Tip #7. Clients Should Pay as They Go.
As Dr. Laura said about promises of marriage made in the steamy back seat of a sedan on a lonely road, “Unless you have a ring and a date, you don’t have squat.”
I think I got that quote fairly right — certainly the meaning. Your client must be invested in the project or in his mind it’s not a real project. Invest is the key word. Get an up-front payment and then stagger payments on a pay-as-we-go basis.
So, you want to be a ghostwriter. Go for it. Just follow a few basic business rules so that the experience isn’t a scary one.
(For a bit more on ghostwriting, check out http://www.danbaldwin.biz.)
Quote of the Week: “Most men make little use of their speech than to give evidence against their own understanding.” George Savile
Dan’s Western novel, Bock’s Canyon, is a Winner in the Best Book Awards 2017. His latest Western novel, A Stalking Death, is a Finalist in the New Mexico-Arizona Book Awards competition. His non-fiction work for writers and IP attorneys, How Find Me Lost Me — A Breach of Trust Told By The Psychic Who Didn’t See It Coming, earned a Finalist award in the Best Book Awards and the New Mexico-Arizona Book Awards competition. And his short stories “Diddy” and “Lurlene Hurlbutt’s Flatline” earned a commendation in the Society of Southwestern Authors Writing Contest.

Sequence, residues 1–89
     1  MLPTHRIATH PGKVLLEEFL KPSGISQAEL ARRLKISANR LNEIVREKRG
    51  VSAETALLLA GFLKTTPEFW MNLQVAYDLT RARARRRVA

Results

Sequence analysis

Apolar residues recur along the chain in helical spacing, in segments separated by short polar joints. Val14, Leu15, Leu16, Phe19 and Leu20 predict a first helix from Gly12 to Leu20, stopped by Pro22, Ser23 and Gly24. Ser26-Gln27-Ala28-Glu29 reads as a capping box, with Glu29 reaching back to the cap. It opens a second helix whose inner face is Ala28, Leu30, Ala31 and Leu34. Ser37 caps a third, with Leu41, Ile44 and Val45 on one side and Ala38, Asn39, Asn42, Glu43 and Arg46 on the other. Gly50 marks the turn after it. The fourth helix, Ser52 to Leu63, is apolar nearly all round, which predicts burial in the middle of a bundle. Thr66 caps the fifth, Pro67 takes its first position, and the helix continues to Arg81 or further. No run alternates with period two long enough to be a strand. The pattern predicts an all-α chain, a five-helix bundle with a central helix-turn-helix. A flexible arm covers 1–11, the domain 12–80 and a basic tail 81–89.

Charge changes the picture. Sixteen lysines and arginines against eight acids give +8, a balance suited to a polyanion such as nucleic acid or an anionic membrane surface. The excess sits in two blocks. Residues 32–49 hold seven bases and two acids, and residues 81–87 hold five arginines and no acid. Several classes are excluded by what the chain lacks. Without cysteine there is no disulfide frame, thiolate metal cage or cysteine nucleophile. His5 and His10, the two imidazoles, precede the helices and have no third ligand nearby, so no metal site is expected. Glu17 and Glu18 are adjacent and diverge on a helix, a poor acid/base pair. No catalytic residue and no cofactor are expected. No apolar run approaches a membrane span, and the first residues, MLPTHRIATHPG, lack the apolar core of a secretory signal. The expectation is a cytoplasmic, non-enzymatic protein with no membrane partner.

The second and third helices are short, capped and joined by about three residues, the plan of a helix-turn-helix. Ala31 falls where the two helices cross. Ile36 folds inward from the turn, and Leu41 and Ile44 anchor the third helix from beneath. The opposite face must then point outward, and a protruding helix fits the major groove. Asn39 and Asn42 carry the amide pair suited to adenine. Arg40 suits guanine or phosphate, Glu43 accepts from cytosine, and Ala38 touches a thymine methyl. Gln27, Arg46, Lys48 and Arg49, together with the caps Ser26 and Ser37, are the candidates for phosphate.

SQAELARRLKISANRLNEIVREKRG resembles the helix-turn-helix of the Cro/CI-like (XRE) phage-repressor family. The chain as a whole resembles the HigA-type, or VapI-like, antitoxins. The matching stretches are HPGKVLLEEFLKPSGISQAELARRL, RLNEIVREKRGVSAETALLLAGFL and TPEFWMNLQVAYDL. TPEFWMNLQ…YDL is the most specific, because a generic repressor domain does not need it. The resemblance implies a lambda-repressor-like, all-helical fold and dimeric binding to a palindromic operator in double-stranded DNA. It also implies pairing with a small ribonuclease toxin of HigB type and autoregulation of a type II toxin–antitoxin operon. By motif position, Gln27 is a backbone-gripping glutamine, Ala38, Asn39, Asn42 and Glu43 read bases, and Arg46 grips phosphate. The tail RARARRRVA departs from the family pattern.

A Few Websites Dan Recommends
Not much out there today that I could find.
Fiction Words: XXXX
Nonfiction Words: 200 (Journal)
So total words for the day: 200
Writing of “”
Day 1…… XXXX words. Total words to date…… XXXX (done)
Total fiction words for the month……… XXXX
Total fiction words for the year………… 453762
Total nonfiction words for the month… 2160
Total nonfiction words for the year…… 177713
Total words for the year (fiction and this blog)…… 631475
Calendar Year 2017 Novels to Date………………………… 9
Novels (since Oct 19, 2014)………………………………………… 27
Novellas (since Nov 1, 2015)……………………………………… 4
Short stories (since Apr 15, 2014)……………………………… 182